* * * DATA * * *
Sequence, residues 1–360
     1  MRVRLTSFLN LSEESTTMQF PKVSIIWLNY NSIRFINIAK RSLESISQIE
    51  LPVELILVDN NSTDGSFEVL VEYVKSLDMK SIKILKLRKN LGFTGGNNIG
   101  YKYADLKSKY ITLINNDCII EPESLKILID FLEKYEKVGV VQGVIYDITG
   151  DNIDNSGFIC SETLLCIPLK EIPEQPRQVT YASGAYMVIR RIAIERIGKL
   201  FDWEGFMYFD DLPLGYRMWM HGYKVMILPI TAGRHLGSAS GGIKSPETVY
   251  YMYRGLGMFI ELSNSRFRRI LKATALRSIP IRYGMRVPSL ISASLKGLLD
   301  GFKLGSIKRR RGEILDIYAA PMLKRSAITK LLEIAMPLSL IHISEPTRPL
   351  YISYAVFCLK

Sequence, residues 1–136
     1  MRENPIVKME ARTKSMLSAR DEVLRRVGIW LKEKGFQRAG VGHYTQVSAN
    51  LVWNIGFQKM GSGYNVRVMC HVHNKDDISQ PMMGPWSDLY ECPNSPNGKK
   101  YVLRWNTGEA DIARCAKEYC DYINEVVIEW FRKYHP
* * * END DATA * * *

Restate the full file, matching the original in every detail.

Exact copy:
Sequence, residues 1–360
     1  MRVRLTSFLN LSEESTTMQF PKVSIIWLNY NSIRFINIAK RSLESISQIE
    51  LPVELILVDN NSTDGSFEVL VEYVKSLDMK SIKILKLRKN LGFTGGNNIG
   101  YKYADLKSKY ITLINNDCII EPESLKILID FLEKYEKVGV VQGVIYDITG
   151  DNIDNSGFIC SETLLCIPLK EIPEQPRQVT YASGAYMVIR RIAIERIGKL
   201  FDWEGFMYFD DLPLGYRMWM HGYKVMILPI TAGRHLGSAS GGIKSPETVY
   251  YMYRGLGMFI ELSNSRFRRI LKATALRSIP IRYGMRVPSL ISASLKGLLD
   301  GFKLGSIKRR RGEILDIYAA PMLKRSAITK LLEIAMPLSL IHISEPTRPL
   351  YISYAVFCLK

Sequence, residues 1–136
     1  MRENPIVKME ARTKSMLSAR DEVLRRVGIW LKEKGFQRAG VGHYTQVSAN
    51  LVWNIGFQKM GSGYNVRVMC HVHNKDDISQ PMMGPWSDLY ECPNSPNGKK
   101  YVLRWNTGEA DIARCAKEYC DYINEVVIEW FRKYHP